So it's all bullshit. You will go from a pirated copy ("non-genuine") of Win 7 to a Non-genuine, pirated copy of Win 10. This is completely different from giving all people a full copy of Win 10. You still have to buy the licence for Win 10 or Win 7 and get the upgrade. Or just keep using a pirated, non-validated copy.

 

According to this page (http://blog.chron.com/helpline/2011/06/what-does-it-mean-when-windows-tells-me-it-is-not-genuine/) with a non-genuine version " You will not be able to download patches and updates to the software.".  This seems correct, since MS itself says you will not be able to get any updates on this screenshot of Windows here.

 

If this is true all you are getting is a non-validated copy of Win 10 that will not download any updates (including any security updates). SO I ask you, how good is a copy of Win 10 than has no updates, and has not had any of the security fixes?

 

It seems like people thought you could go from a pirated copy of Win 7 to a legit copy of Win 10 - which does not seem to be the case. Seems like a lot of people thinking this were wrong.

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More info (you will get some critical updates):

http://windows.microsoft.com/en-us/windows/help/genuine/faq   (click on Q. 5)

Regardless of genuine status, you'll still be able to get critical security updates. However, if your copy of Windows isn't genuine, you won't be able to install many updates that are exclusively for genuine Windows customers, including Microsoft Security Essentials. 

 

So the idea of getting Win 10 for free was wrong. You get an unlicensed, non-genuine copy of Win 10.

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So the idea of getting Win 10 for free was wrong. You get an unlicensed, non-genuine copy of Win 10.

No, the software is still gotten free, exactly like the previous pirated copy was "free." Don't you people understand how torrenting works? You torrent something illegally for "free" and install it, cracked and unlicensed, but you still got it "free." That's the whole idea. Basically nothing has changed except the mode of initial procurement (through MS), so that in itself is something quite different. But that doesn't shed any light on why this process would help MS.

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No, the software is still gotten free, exactly like the previous pirated copy was "free." Don't you people understand how torrenting works? You torrent something illegally for "free" and install it, cracked and unlicensed, but you still got it "free." That's the whole idea. Basically nothing has changed except the mode of initial procurement (through MS), so that in itself is something quite different. But that doesn't shed any light on why this process would help MS.

"If people pirate, they better pirate our software"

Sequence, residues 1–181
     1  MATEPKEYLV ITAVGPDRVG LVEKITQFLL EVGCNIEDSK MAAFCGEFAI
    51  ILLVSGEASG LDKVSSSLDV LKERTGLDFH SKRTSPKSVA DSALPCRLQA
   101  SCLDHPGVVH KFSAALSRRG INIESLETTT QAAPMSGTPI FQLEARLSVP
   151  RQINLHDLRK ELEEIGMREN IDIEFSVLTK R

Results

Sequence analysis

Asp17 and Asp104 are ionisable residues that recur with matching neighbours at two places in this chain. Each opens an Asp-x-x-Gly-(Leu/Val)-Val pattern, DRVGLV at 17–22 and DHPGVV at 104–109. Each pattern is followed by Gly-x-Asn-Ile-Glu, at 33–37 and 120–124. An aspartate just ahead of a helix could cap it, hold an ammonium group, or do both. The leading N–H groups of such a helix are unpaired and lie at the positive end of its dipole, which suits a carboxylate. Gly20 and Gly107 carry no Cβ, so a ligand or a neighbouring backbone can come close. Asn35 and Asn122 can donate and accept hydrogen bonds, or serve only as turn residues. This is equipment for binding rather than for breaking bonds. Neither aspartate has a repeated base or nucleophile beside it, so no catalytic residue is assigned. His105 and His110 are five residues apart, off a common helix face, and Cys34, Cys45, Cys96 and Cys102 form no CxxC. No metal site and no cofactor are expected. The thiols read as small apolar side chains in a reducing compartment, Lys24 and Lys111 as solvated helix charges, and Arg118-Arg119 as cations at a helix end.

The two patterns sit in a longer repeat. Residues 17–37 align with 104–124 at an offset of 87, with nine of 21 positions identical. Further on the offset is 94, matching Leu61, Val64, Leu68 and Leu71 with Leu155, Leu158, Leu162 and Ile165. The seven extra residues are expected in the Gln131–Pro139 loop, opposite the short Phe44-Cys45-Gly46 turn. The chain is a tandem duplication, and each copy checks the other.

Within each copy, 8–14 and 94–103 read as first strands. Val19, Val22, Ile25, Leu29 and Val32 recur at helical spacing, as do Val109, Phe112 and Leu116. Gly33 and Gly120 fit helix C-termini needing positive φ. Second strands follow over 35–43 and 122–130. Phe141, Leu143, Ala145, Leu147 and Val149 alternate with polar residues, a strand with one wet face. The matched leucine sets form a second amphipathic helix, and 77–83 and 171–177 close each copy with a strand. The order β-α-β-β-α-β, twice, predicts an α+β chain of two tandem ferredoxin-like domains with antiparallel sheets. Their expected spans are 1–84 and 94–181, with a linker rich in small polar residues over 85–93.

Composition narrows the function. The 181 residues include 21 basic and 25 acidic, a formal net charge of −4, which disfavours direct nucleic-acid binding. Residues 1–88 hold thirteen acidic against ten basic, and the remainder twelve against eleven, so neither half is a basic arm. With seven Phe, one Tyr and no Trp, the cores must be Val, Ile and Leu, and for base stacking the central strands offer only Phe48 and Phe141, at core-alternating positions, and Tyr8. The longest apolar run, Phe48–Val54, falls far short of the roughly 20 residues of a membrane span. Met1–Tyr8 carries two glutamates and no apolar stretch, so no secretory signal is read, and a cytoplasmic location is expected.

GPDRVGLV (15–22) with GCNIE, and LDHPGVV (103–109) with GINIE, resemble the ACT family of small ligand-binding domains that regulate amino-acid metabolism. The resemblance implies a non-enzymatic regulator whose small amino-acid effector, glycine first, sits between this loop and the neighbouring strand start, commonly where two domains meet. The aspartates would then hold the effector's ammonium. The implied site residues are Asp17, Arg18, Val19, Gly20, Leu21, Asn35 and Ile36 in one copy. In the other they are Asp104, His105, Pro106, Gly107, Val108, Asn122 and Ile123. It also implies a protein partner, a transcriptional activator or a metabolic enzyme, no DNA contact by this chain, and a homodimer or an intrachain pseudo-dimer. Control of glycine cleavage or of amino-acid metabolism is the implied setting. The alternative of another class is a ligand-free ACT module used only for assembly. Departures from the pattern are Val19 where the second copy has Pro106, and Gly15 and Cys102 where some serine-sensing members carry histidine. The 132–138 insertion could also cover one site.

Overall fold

Reason might be to keep people in Windows ecosystem.

 

On one hand MS want people to use Windows on tablets and smartphones.

 

On the other hand Google is entering laptop market with ChromeOS.

 

There is always Apple, which cannot be underestimated especially on USA market where it's most popular.

 

Then there is Valve with SteamOS/Linux.

 

Other companies or even goverments still pouring some money into "Linux as alternative" in background.

 

And ongoing ARM vs x86 war.

 

Not to mention many companies investing in background large amounts of money into apllication/computing/gaming streaming to your device.

 

 

Microsoft propably want to keep and convince as many users around the world to keep using Windows ecosystem.

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When Windows XP support expired a few years back a client of mine was faced with an expensive task of upgrading all of there PC operating systems and in many cases the hardware. It would have cost an absolute fortune. What we helped them do instead was to set up a linux based thin client arrangement that ran all of their LOB software and we only needed to upgrade the back office staff that still needed to use Office. The existing hardware on the majority of their PCs was more than enough to run the thin client.

 

It saved them a fortune but it also now means that this client is no longer buying products developed by Microsoft for Windows or those products developed by companies specialising in Windows software. This wasn't the only company I know that did something similar. Microsoft make a lot of money off of Microsoft developers through licensing etc... as well as obviously making money off of it's own Windows only products. If businesses keep moving away from Windows every time a version goes out of support because the upgrade cost is too high, not only do Microsoft lose out on revenue from Windows sales but also from sales of Windows only software and from developers moving to other platforms. Free Windows upgrades was inevitable and makes a lot of sense for Microsoft in the long term.

 

Also with the new integrated Windows apps store, well the more people who visit your shop the better.

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This version should be better than Win8 and Vista, as the two groups doing the software have different levels of ability. It's easy to notice based on the history of the OS releases.

 

Free is good, just what's the support for the hardware? I may be paranoid, but something tells me there's a catch, like having to pay for drivers or something.

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Microsoft propably want to keep and convince as many users around the world to keep using Windows ecosystem.

Yes, this is going towards the Apple business model versus Google, and to be honest, I'd rather MS go towards more closed proprietary unification than Google's business model of selling their customers for advertising revenue. Oh well.

@Laurinaohtar